Two More Accelerated Approval Indications Are Being Pulled

Within the span of one week, Secura Bio, Inc. has revealed that it will withdraw one oncology drug from the U.S. market, as well as an indication for another oncolytic. The FDA had given both accelerated approval. The moves come amid growing scrutiny of that approval pathway, and they mark the ninth and 10th oncology indications and/or drugs taken off the U.S. market since December 2020.

Secura Bio said on Nov. 30 that it will withdraw the new drug application for Farydak (panobinostat). The FDA granted the capsule accelerated approval on Feb. 23, 2015, for the drug in combination with Takeda Pharmaceuticals U.S.A., Inc.’s Velcade (bortezomib) and dexamethasone for the treatment of people with multiple myeloma who have received at least two regimens, including Velcade and an immunomodulatory agent. That indication is the only one the drug has in the U.S. The company said it will continue to market the drug in other areas in which it is approved.

In unveiling the decision, the manufacturer said that “it was not feasible” for it “to complete the required post-approval clinical studies as designed as part of the accelerated approval process.” Novartis Pharmaceuticals Corp. won the approval for the drug, and then Secura Bio purchased the agent in March 2019.

Secura Bio’s decision came just days before a scheduled Dec. 2 meeting of the FDA’s Oncologic Drugs Advisory Committee (ODAC) that was set to review two cancer drugs granted accelerated approval that had not verified clinical benefit: Farydak and Aurobindo Pharma subsidiary Acrotech Biopharma LLC’s Marqibo (vincristine sulfate), which was approved for the treatment of adults with Philadelphia chromosome-negative acute lymphoblastic leukemia in second or greater relapse or whose disease has progressed following at least two anti-leukemia therapies.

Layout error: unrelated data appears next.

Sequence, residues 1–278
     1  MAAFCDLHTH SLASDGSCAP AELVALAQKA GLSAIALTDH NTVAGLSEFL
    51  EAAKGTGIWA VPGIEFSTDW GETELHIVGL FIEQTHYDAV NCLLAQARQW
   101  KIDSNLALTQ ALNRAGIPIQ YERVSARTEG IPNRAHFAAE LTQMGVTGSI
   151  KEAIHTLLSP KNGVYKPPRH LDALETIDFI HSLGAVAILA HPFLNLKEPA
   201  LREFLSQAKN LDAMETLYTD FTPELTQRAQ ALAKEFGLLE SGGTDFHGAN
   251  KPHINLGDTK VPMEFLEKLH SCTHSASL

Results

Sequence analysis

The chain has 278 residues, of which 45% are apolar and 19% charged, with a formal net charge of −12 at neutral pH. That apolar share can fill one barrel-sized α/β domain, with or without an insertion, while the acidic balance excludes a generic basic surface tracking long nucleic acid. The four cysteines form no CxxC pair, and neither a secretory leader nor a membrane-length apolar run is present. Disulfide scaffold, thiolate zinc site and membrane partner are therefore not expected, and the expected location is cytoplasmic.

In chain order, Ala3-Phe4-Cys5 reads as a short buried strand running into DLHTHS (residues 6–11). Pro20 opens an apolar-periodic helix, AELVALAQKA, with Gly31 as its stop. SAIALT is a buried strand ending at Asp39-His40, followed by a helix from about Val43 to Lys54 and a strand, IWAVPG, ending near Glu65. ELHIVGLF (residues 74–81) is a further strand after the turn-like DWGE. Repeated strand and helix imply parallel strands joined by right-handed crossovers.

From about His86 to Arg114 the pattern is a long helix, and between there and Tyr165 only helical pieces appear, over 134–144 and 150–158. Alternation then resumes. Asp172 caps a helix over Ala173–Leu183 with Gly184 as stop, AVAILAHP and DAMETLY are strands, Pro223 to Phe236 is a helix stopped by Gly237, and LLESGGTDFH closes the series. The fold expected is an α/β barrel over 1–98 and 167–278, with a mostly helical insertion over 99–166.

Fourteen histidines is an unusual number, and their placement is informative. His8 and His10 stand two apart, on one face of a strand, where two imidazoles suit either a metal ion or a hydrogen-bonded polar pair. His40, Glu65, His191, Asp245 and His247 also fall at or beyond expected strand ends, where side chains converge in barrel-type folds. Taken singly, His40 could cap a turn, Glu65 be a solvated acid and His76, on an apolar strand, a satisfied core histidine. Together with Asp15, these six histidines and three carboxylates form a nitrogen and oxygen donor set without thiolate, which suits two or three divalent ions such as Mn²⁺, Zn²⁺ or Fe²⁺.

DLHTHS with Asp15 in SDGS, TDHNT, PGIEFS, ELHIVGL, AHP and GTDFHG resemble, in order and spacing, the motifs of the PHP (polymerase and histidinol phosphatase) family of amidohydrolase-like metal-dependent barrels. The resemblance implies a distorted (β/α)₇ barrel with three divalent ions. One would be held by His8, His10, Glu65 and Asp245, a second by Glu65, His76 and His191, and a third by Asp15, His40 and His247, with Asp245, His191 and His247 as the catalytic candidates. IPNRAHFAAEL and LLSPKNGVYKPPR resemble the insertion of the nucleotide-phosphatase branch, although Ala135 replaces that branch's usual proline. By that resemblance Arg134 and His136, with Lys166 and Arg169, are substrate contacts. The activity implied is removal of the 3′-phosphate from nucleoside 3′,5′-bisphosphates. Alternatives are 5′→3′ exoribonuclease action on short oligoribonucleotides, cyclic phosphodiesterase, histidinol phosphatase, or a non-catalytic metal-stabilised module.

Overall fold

Acrotech did not respond by press deadline to an inquiry by AIS Health, a division of MMIT, about whether the company plans to withdraw that indication.

The agency subsequently canceled the meeting. ODAC held a similar meeting on April 27-28 that scrutinized six indications for a handful of checkpoint inhibitors that target programmed death-1 (PD-1) and programmed death-ligand 1 (PD-L1) inhibitors. Three of those indications are being withdrawn from the U.S. market, and one indication has gained full approval.

Company Will Pull Copiktra’s FL Indication

On Dec. 3, Secura Bio said that it would voluntarily withdraw Copiktra’s (duvelisib) U.S. indication for the treatment of adults with relapsed or refractory follicular lymphoma (FL) after at least two systemic therapies. The FDA gave accelerated approval to that indication on Sept. 24, 2018. The capsule also is approved for relapsed or refractory chronic lymphocytic leukemia or small lymphocytic lymphoma after at least two therapies.

In its press release announcing the decision, the company said that “after a Secura Bio strategic assessment of Copiktra and subsequent consultation with the U.S. Food and Drug Administration (FDA), the company made the determination that the current treatment landscape for FL patients in the U.S. and the logistics, cost and timing of the post-marketing requirements (PMR) for Copiktra in FL was no longer merited.…This is a business decision and is not related to any changes in either the efficacy or safety associated with Copiktra.”